NSTA tries to block documents revealing Shell’s activities in the North Sea

The National Sea Transition Authority (NSTA) is trying to block the release of documents covering Shell’s North Sea activities.

As reported by the Guardian, the five documents are reported to contain details about the pollution risk from decommissioning Brent oilfield, which was operated by Shell for more than 40 years, the oil fields environmental appraisal, as well as technical documents relating to radioactive sediment and toxic drill cuttings.

The NSTA is expected to argue against publishing the information at a hearing in December “on a matter of process basis.”

Campaigners are concerned that the documents would reveal new information about long-term damaging affects that is related to North Sea explorations, including Equinor’s Rosebank.

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WWF Scotland director Lang Banks told the Guardian that is is an “absolute farce” that the NSTA is spending “public money on lawyers” to try and block documents that should have been public “a long time ago.”

“If they are prepared to use these documents as part of the planning and the licensing process then they should also be prepared to make them public.”

Last month, Sky News reported that campaigners are concerned about the “cosy” relationship between the NSTA and fossil fuel companies.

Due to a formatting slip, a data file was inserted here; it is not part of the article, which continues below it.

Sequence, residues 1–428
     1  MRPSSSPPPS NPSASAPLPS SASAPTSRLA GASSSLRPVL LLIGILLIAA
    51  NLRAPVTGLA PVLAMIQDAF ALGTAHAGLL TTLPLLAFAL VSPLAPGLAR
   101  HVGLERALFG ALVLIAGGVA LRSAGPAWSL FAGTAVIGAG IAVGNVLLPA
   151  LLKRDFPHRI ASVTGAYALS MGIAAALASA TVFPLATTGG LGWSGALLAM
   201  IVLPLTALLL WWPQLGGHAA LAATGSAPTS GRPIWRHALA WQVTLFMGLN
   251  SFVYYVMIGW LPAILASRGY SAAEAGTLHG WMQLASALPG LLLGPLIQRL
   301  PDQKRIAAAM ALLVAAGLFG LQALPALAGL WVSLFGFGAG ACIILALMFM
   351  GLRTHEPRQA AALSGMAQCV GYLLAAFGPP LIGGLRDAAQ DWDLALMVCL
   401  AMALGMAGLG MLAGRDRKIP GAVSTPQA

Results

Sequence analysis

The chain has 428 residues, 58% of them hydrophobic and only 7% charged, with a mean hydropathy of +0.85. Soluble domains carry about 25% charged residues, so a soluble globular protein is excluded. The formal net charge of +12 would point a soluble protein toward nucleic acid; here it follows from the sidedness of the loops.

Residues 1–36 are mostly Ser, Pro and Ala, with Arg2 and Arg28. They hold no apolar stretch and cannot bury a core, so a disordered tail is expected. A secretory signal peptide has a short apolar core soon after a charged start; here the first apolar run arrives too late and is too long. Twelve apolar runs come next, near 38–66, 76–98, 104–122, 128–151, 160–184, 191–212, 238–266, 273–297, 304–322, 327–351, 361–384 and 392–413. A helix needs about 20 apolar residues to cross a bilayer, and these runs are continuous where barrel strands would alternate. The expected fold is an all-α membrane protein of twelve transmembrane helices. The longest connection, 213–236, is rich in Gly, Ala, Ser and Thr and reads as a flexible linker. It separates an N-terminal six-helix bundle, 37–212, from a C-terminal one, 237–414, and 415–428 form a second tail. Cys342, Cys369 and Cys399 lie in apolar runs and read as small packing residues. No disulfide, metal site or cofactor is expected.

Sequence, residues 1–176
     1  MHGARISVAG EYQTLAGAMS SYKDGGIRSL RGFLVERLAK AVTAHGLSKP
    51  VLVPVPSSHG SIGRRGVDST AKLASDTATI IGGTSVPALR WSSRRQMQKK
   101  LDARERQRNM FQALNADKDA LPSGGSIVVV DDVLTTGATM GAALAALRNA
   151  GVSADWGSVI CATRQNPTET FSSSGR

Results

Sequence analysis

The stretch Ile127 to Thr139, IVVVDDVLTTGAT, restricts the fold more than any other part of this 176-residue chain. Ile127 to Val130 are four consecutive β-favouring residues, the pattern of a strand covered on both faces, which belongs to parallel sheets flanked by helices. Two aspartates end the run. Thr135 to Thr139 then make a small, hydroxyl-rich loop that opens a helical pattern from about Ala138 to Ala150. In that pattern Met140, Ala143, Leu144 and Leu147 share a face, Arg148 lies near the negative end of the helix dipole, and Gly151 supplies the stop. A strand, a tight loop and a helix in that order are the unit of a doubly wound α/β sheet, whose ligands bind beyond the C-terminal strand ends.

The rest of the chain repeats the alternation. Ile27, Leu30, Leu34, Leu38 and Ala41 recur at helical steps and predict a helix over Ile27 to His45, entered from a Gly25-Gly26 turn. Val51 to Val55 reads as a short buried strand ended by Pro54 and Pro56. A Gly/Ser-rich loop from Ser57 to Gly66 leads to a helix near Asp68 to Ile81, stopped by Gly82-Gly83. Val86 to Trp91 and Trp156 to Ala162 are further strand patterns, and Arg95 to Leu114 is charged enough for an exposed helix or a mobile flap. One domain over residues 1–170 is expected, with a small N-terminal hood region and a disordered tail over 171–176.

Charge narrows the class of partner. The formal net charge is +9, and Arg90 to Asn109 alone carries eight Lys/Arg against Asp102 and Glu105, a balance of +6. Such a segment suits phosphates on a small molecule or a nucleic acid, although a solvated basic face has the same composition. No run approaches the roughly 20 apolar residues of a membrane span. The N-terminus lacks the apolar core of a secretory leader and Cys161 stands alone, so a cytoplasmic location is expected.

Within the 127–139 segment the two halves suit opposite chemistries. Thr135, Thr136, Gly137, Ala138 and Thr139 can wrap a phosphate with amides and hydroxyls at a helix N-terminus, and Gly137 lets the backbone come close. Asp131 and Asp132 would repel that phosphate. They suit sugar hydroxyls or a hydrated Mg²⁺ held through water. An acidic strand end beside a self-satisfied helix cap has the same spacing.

Uplift executive director Tessa Khan said: “It is the NSTA’s job to make unbiased, evidence-based decisions on whether or not to approve new oil and gas fields yet, astonishingly, we find it’s been colluding with industry lobbyists on how to best make the case for new drilling.

“This casts doubt on how seriously the regulator is taking its role of helping the UK meet its climate obligations. The proposed Rosebank oil field, for example, is incompatible with the regulator’s own climate targets, but will the NSTA say ‘no’ to an industry it is clearly so cosy with?,” Khan added.

“The UK urgently needs a regulator that is genuinely independent of the oil and gas industry.”

Shell said: “Shell submits documents as part of a process which is tightly controlled by the regulator, in full knowledge that they will be published in due course. The manner and timing of this is a matter for the regulator.”

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